“It’s incredible to think about this milestone for the ABC Trust,” said Tan Grayson, who manages the trust as part of Alabama Power’s Charitable Giving organization. “And while it’s great to look back on the accomplishments, we are definitely looking forward, with a focus on continuing to serve some of our state’s most vulnerable citizens.”

At the core of the ABC Trust mission is providing emergency assistance for families struggling to pay their energy bill. Since its founding, the trust has distributed more than $34 million in emergency energy assistance to low-income families through community action agencies and nonprofit partners.

But the trust does much more. Today, it also provides other emergency support for families, including rental assistance and help with food security.

Another type of energy assistance is offered through the trust’s Home Forward program. It provides grants for energy system upgrades and energy-related weatherization improvements for low-income households. Eligibility is determined through the trust’s community action agency partners.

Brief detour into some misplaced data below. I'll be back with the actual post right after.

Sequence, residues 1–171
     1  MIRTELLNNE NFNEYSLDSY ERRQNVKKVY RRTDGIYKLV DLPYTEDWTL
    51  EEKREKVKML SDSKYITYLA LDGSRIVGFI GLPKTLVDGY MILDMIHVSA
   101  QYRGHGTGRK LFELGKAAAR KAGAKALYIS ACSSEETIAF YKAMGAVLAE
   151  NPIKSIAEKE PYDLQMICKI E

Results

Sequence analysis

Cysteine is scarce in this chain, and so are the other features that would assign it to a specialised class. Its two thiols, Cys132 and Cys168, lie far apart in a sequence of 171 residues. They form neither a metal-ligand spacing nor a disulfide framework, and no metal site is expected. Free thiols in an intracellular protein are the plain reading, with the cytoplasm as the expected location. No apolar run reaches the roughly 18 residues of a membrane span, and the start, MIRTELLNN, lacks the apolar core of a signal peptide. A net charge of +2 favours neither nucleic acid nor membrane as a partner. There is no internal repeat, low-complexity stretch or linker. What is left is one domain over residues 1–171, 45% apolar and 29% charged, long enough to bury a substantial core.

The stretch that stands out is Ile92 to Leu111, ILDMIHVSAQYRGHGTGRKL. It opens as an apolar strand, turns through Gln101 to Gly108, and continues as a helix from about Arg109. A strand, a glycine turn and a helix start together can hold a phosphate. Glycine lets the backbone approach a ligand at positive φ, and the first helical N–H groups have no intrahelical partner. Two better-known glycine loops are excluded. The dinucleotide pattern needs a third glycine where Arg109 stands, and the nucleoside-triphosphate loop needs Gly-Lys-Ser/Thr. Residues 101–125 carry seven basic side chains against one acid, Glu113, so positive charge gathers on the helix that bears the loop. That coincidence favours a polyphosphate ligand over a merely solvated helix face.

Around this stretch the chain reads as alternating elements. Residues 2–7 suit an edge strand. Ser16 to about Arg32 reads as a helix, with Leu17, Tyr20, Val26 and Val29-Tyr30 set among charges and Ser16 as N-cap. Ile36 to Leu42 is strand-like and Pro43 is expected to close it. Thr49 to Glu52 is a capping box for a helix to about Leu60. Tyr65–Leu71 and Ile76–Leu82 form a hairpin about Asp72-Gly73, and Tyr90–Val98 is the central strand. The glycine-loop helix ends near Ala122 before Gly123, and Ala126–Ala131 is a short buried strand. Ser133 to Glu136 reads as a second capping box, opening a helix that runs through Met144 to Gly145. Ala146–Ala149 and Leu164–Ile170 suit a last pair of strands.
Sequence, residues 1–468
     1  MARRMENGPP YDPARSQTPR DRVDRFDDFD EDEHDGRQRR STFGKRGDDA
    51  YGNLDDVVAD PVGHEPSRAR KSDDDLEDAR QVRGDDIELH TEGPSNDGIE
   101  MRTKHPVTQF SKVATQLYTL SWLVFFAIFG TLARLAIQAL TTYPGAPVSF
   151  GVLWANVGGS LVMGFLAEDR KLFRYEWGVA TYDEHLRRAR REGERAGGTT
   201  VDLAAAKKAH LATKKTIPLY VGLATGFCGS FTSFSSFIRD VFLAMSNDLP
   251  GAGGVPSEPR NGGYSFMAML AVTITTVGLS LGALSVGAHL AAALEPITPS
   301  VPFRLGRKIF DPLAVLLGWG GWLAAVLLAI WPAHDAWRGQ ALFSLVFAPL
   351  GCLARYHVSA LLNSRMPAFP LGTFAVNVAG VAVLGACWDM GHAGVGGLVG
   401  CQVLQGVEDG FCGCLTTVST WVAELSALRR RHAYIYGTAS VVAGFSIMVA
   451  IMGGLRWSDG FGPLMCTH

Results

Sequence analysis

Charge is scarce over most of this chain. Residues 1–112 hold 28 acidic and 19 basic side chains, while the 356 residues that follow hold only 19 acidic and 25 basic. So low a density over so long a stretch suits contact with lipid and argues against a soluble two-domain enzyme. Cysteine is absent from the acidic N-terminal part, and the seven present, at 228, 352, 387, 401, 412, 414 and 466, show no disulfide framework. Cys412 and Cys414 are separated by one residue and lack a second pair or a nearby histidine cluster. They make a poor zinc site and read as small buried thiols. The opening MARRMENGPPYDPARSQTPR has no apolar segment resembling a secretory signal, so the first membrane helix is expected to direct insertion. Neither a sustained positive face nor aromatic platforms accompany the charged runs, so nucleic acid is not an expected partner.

The Home Forward program is a double blessing. Not only does it offer valuable energy efficiency improvements to the homes of families with limited resources; those improvements also help families save money over the long term on their utility bills.

“Without the funds provided by the Home Forward grant, many of our low-income clients would not be able to receive the additional energy saving measures we are able to provide,” said Luke Laney, Housing Services director for the Community Action Agency of Northeast Alabama, headquartered in Rainsville. “These additional funds help these vulnerable populations lower their energy costs, so that their money can be used for food or other necessities.”